University of Queensland researchers have found that a specific peptide found in spider venom could have properties that could make it useful in alleviating Pain in patients with irritable bowel syndrome. Their study titled, "A spider-venom peptide with multi-target activity on sodium and calcium channels alleviates chronic visceral pain in a model of irritable bowel syndrome," is published in the latest issue of the journal Pain.
Professor Richard Lewis from the Institute for Molecular Bioscience, University of Queensland, led the study along with Professor Stuart Brierley from Flinders University.
Irritable bowel syndrome (IBS) is a painful condition affecting thousands of people around the world. It causes pain in the abdomen, along with frequent disturbances in bowel movements, including constipation and diarrhea. Some may have predominantly diarrhea or predominantly constipation of both as their symptoms. There are usually no pathological changes or damage to the gastrointestinal tract, but the disease can be debilitating and may affect the quality of life.
The exact cause of this condition is not known. Usually, a pattern of gastrointestinal symptoms appears, which helps in diagnosing the condition. There are no definitive tests for diagnosis, and other conditions are usually excluded before a diagnosis of IBS is made. Treatment usually comprises of lifestyle changes, the inclusion of probiotics, and certain nutrients in the diet and certain medications and counseling.
What was this study about?
It has been noted in around 20 percent of the world population suffers from some form of pain or the other. In many individuals, pain may be relieved initially with pain medications, but soon tolerance develops, and there is a decrease in the efficacy of pain relievers.
One of the main symptoms of IBS seen commonly in many sufferers is chronic abdominal pain. Professor Lewis said, "All pains are complex, but gut pain is particularly challenging to treat and affects around 20 percent of the world's population. Current drugs are failing to produce effective pain relief in many patients before side effects limit the dose that can be administered."
Professor Brierley echoed this statement saying, "Internal organs have a complex network of sensory nerves that have a wide array of voltage-gated ion channels and receptors to detect stimuli... The hypersensitivity of these nerves in disease often contributes to the development of pain."
Molecular pain pathway
According to the researchers, there are several voltage-gated channels in the molecular levels affected with long term or chronic pain. These are voltage-gated sodium (NaV) and calcium (CaV) channels. Some of the channels pinpointed to play a role in chronic pain include NaV1.1, NaV1.3, NaV1.7–NaV1.9, CaV2.2, and CaV3.2, wrote the researchers. There is mention of several types of these channels in scientific literature, they wrote.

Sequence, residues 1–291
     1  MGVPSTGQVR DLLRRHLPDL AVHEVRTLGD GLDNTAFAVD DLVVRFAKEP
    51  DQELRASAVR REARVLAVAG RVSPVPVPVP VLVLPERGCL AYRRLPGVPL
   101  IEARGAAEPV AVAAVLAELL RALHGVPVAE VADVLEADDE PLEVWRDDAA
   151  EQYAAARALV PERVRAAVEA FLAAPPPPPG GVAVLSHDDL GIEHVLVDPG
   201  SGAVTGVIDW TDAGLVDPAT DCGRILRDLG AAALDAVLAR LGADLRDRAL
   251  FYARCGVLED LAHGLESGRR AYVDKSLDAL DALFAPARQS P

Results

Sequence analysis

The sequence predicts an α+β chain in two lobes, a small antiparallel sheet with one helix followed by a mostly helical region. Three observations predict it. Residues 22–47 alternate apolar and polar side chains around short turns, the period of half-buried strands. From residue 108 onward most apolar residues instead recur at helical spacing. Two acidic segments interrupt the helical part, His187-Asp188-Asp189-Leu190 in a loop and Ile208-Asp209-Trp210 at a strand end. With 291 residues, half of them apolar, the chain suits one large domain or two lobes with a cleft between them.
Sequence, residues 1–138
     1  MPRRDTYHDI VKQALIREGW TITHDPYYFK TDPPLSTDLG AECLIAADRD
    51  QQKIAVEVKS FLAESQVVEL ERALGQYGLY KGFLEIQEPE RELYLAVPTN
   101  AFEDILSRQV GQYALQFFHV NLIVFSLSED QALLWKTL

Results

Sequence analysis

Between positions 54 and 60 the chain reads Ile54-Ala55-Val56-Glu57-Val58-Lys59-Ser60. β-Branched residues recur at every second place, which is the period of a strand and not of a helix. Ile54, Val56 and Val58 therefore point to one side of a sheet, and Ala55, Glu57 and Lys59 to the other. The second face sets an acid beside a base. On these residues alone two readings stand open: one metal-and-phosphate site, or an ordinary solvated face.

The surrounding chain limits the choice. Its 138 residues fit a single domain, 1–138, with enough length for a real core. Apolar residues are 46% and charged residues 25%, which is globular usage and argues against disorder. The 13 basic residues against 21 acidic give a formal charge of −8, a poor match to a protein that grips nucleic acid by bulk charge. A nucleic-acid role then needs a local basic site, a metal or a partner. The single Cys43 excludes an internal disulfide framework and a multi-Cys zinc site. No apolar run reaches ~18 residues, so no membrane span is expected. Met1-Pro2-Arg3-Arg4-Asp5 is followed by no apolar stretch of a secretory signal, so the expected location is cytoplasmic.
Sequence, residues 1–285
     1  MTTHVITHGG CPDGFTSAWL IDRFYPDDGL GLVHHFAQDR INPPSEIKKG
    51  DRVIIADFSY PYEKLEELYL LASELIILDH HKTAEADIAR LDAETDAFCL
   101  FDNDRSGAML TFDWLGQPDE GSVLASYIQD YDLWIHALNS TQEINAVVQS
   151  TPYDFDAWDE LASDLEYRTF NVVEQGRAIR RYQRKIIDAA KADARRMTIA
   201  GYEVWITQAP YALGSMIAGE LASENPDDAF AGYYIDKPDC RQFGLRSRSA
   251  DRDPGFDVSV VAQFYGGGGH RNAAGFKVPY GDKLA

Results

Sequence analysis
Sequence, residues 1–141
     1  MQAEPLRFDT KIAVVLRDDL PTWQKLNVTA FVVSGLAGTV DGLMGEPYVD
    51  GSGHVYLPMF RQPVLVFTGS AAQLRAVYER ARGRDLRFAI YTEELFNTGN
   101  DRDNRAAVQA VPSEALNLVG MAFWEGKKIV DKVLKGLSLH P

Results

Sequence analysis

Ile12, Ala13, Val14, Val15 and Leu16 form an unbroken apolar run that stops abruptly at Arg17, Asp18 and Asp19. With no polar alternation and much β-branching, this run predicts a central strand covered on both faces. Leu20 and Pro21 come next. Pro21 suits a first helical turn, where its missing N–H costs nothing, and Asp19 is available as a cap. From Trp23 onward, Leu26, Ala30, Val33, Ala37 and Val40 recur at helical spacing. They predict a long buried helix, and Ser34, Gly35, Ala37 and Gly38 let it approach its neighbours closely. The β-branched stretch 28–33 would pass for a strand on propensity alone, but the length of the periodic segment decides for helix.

In this study
For this study, they first screened 28 spiders and finalized on the venom of the Venezuelan Pinkfoot Goliath tarantula or Theraphosa apophysis. This spider has a leg-span of up to 30 centimeters.
The Pinkfoot Goliath Tarantula is one of the largest spiders in the world. Image Credit: PURIPAT PENPUN / Shutterstock
The team describes the discovery and characterization of two novel peptides found in tarantula spider venom called Tap1a and Tap2a found from Theraphosa apophysis venom. These peptides were found to alter and modulate the activities of NaV and CaV3 channels.
Professor Lewis explained that the venoms contain hundreds of peptides capable of inhibiting voltage-gated ion channels from opening. He said, "Unfortunately these peptides aren't completely selective for pain targets. "Our goal was to find more specialized pain blockers that are potent and target pain sodium channels for chronic visceral pain, but not those that are active in the heart and other channels."
The study and experiments revealed that these peptides Tap1a and Tap2a inhibited the on-target NaV and CaV3 channels even when they were in nanomolar to micromolar concentrations. The selectivity remained off-target for the NaV1.6 and they had weak affinity for NaV1.4 and NaV1.5 at nanomolar to micromolar concentrations of Tap1a and Tap2a.
The study also revealed that Tap1a was a more potent inhibitor of the afferent nerve fibers from the colon and the bladder. For this study, the team isolated mouse models of irritable bowel syndrome. On the administration of the peptide, they noted that the mechanical hypersensitivity of the colonic nerves in the mice was significantly reduced.
Conclusions and implications
The researchers wrote in conclusion, "These findings suggest that targeting a specific combination of NaV and CaV3 subtypes provides a novel route for treatment of chronic visceral pain." Abdominal pain in IBS, for example, could benefit from medication made from these peptides, if they were proven to be safe for use in human clinical trials.
Professor Lewis said, "We now have a really strong understanding of the structure and function of these spider venom peptides... The highly selective ones have potential as treatments for pain, while others are useful as new research tools to allow us to understand the underlying drivers of pain
- Cardoso, Fernanda C; Castro, Joel; Grundy, Luke; Schober, Gudrun; Garcia-Caraballo, Sonia; Zhao, Tianjiao; Herzig, Volker; King, Glenn F; Brierley, Stuart M; Lewis, Richard J A spider-venom peptide with multi-target activity on sodium and calcium channels alleviates chronic visceral Pain in a model of irritable bowel syndrome, PAIN: August 17, 2020 - Volume Articles in Press - Issue - doi: 10.1097/j.pain.0000000000002041, https://journals.lww.com/pain/Abstract/9000/A_spider_venom_peptide_with_multi_target_activity.98296.aspx